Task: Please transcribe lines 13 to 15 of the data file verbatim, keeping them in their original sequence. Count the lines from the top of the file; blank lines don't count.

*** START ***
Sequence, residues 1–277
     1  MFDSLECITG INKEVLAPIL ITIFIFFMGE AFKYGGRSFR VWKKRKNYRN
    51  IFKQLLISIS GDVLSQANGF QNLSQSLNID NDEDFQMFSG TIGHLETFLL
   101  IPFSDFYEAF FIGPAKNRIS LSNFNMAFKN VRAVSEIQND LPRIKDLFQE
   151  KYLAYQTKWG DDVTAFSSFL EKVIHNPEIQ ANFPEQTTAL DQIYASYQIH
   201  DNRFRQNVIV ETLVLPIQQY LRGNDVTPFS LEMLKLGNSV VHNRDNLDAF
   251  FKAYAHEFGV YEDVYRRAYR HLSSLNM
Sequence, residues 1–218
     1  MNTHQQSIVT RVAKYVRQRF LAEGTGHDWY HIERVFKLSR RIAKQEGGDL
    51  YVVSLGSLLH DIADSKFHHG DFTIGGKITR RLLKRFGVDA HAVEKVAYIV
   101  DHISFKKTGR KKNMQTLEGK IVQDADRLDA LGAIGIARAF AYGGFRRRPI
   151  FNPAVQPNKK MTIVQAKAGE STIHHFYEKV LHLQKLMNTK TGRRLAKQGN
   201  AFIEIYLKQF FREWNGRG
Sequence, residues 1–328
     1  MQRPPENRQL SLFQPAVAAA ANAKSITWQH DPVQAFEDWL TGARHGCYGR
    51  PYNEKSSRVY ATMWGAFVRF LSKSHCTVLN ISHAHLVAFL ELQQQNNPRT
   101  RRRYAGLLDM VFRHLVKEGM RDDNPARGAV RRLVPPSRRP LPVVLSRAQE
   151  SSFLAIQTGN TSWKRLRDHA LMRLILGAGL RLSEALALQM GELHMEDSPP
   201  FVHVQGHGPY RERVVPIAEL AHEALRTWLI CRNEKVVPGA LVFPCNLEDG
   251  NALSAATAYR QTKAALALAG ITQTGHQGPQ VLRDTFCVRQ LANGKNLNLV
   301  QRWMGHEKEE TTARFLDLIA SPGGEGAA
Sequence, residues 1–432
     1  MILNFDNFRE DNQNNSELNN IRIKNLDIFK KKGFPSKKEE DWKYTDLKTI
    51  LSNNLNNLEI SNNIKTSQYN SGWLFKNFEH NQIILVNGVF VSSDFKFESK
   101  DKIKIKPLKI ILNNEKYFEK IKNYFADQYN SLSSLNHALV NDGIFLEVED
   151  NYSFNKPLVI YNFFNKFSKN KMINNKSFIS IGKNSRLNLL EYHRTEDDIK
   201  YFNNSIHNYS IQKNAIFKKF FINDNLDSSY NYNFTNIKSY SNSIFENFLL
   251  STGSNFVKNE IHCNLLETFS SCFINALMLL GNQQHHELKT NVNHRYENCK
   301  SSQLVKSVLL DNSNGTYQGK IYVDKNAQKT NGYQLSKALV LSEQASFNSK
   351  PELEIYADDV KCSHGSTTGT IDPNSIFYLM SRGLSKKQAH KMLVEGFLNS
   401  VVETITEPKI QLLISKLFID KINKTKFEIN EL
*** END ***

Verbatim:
   201  AFIEIYLKQF FREWNGRG
Sequence, residues 1–328
     1  MQRPPENRQL SLFQPAVAAA ANAKSITWQH DPVQAFEDWL TGARHGCYGR